cover image Lost in Jersey City

Lost in Jersey City

Paula Sharp. HarperCollins Publishers, $20 (358pp) ISBN 978-0-06-016564-2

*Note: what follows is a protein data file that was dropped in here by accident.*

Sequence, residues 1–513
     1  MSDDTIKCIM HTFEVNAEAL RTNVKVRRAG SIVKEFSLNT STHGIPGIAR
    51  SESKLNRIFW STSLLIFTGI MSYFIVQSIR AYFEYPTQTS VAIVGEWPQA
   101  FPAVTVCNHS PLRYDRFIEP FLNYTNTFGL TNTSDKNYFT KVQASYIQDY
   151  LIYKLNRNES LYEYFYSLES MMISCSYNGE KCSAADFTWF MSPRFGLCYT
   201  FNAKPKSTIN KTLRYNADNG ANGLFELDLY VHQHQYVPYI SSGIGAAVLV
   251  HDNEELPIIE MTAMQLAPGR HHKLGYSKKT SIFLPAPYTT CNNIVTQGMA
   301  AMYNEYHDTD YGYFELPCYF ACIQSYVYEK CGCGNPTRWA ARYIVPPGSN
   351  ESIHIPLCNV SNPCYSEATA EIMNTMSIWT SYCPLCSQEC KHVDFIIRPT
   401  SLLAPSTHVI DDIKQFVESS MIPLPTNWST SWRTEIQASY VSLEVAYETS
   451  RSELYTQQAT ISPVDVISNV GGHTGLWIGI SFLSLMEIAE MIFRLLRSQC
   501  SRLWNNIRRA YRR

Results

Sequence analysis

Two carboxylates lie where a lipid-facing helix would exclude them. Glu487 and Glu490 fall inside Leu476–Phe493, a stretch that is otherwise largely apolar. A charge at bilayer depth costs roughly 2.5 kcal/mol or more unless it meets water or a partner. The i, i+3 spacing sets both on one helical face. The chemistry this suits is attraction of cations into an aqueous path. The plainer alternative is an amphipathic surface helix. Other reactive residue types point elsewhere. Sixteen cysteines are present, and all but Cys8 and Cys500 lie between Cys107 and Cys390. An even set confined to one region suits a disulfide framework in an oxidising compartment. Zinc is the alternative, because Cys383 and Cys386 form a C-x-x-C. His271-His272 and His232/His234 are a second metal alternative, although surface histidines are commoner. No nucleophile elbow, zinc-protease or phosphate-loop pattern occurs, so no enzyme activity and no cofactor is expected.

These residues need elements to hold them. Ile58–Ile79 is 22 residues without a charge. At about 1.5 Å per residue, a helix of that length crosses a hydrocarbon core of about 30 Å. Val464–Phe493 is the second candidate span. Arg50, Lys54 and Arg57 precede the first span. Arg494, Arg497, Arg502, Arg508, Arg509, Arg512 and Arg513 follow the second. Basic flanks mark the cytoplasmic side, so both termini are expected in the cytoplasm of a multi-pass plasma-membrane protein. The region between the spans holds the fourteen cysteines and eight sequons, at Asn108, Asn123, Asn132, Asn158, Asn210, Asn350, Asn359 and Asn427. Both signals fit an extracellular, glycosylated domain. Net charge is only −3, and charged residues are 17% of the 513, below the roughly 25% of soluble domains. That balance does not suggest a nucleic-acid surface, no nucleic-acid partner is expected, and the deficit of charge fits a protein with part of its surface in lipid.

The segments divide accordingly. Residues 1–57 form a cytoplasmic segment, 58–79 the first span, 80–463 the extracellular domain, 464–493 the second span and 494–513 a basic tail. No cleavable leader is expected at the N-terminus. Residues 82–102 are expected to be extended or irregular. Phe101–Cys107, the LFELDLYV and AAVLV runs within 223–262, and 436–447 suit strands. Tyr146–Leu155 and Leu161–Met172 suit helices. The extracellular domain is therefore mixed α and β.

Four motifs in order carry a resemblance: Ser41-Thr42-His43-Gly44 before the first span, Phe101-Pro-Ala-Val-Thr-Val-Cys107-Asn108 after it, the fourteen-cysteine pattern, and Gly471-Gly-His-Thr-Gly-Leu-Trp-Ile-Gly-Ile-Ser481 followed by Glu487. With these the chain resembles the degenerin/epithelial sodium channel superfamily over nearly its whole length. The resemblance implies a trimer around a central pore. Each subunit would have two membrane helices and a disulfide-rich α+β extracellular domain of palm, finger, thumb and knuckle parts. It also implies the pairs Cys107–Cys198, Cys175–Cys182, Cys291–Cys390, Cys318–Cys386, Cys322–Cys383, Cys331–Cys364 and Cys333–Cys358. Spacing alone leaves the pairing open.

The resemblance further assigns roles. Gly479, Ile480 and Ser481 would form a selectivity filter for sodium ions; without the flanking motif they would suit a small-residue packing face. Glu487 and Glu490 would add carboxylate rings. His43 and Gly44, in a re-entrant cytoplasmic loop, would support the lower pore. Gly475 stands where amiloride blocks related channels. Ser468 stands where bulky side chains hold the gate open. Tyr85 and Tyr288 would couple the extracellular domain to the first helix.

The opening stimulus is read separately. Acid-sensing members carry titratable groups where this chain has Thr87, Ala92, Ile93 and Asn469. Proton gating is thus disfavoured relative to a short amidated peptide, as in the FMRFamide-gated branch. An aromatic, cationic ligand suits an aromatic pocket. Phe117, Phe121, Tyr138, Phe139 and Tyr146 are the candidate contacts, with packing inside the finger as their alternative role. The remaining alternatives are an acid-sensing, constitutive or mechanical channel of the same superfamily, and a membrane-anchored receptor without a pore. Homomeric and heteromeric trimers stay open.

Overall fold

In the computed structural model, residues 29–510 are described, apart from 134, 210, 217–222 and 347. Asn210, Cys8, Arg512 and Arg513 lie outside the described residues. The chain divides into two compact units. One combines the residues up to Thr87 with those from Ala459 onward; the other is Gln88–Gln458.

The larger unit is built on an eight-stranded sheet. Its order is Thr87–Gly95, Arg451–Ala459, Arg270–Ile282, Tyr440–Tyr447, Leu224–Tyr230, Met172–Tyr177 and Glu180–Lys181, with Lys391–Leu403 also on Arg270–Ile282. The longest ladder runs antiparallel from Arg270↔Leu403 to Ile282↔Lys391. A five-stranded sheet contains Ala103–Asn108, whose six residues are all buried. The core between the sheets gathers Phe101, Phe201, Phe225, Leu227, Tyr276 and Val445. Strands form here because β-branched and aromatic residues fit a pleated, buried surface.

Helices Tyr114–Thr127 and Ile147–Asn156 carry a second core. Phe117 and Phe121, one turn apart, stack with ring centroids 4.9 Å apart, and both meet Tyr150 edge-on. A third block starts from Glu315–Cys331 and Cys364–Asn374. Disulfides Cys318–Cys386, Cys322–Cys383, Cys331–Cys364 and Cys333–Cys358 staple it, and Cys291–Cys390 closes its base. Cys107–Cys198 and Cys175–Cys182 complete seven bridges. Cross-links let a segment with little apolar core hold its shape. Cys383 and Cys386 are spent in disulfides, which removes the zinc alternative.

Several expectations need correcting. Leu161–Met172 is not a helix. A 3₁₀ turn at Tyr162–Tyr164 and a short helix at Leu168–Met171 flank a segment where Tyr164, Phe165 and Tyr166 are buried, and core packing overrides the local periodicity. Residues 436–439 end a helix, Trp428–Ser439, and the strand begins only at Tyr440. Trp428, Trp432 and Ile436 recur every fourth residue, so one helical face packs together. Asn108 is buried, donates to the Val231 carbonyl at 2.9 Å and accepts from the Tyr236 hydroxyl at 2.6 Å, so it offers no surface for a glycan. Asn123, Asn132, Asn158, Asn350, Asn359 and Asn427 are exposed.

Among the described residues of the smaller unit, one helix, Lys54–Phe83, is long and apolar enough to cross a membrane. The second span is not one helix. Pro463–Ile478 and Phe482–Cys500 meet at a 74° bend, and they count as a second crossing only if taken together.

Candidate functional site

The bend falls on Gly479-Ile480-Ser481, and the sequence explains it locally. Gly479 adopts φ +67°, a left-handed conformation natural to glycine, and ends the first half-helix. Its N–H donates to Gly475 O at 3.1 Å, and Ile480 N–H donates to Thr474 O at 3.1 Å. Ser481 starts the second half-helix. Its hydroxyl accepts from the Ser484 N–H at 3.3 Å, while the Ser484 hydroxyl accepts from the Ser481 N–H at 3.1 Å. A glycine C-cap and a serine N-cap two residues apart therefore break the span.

Uncertainty of characterization and plot direction undermines this otherwise witty and promising novel about a newly independent woman. Determined to dump her philandering second husband, Ida Terhune leaves Baton Rouge, La., on July 24, 1982, and bullheadedly aims her Chrysler New Yorker in the direction of Jersey City. After an adventurous trip that includes losing her trailer in a hurricane and putting up at the Playboy Hotel in Atlanta, Ida and her precocious children, nine-year-old Skeet and his younger sister Sherry, move in with her brassy best friend in a Jersey apartment building managed by a slum lord. Here, the book casts about to regain its initial momentum and almost succeeds after Ida accidentally hits and kills the slumlord's adult son with her behemoth automobile; the rest of the story focuses on a self-consciously wacky court trial that pits naive Ida against veterans of a corrupt system. Ida's beehive hairdo, polyester outfits and aggravatingly cautious ways make her seem old beyond her 38 years, and she frequently relies on her worldly friends to rescue her from trouble. Sharp ( The Woman Who Was Not All There ) forgoes giving Ida credibility in favor of making her a comic figure to advance the plot of what's meant to be a madcap story about culture shock. Thus, though the book has many humorous passages, much of its hilarity feels forced. (Sept.)